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Magdalena Koziol, a former postdoc at Yale University, was the victim of scientific sabotage. Now, she is suing the...
Antiretroviral drugs can protect people from becoming infected by HIV. But so-called pre-exposure prophylaxis, or PrEP...
Two studies show that eating a diet low in protein and high in carbohydrates is linked to a longer, healthier life, and...
Considered an icon of conservation science, researchers at World Wildlife Fund (WWF) headquarters in Washington, D.C.,...
The new atlas, which shows the distribution of important trace metals and other substances, is the first product of...
Early in April, the first of a fleet of environmental monitoring satellites will lift off from Europe's spaceport in...
Since 2000, U.S. government health research agencies have spent almost $1 billion on an effort to churn out thousands...
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Germany to Look for New Nuclear Waste Site
11 November 2011 11:43 am
BERLIN—Germans are starting over in their search for a permanent nuclear waste storage site. For more than 3 decades, the country has been storing its waste at a site called Gorleben, in Lower Saxony near the former border between East and West Germany. Germany has spent an estimated €1.6 billion building and testing the Gorleben facility, but the choice has long been controversial. At a meeting today between the federal environment minister and officials from the 16 German Länder (states), leaders agreed to work toward drafting a law that will govern a new search. A task force will begin work this month, and should have a draft law ready by next summer.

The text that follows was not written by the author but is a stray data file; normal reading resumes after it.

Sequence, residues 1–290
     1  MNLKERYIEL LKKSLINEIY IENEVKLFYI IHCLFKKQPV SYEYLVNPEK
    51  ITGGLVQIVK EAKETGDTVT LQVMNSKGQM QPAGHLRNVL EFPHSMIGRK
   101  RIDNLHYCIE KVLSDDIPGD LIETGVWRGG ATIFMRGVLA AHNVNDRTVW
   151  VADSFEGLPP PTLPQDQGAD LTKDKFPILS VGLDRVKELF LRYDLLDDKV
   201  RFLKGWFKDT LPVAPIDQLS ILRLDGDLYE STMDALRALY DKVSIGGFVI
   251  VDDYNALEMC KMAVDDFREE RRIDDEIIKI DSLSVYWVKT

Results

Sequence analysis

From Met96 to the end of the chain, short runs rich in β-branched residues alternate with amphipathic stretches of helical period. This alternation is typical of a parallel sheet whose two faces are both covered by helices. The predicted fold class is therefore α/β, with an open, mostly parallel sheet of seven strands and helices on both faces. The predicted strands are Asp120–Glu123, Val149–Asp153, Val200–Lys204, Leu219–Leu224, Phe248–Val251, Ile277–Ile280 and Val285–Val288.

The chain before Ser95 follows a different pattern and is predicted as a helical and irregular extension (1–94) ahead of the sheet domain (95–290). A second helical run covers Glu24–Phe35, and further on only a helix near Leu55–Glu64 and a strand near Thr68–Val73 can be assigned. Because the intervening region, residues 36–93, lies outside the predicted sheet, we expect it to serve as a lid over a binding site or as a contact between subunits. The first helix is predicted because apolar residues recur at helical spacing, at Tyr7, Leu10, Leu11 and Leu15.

The search will consider sites all over the country, including Gorleben, said environment minister Norbert Röttgen at a press conference today. There will be "no taboos." Leaders in the southern states of Baden-Württemberg and Bavaria, which host a majority of the country's nuclear power plants, had long argued against a new site selection process, in part because granite and clay deposits there are likely to be on the list of possible candidates. But officials in both states now say they are open to a new search.
That offers a new opportunity, says Jürgen Trittin, former environment minister and head of the Green Party. "For the first time in 3 decades we have the chance to reach a consensus" on the issue, he told German television channel ARD. Marcel Huber, Bavaria's environment minister told the press conference, "The geology is the deciding factor, not the geography."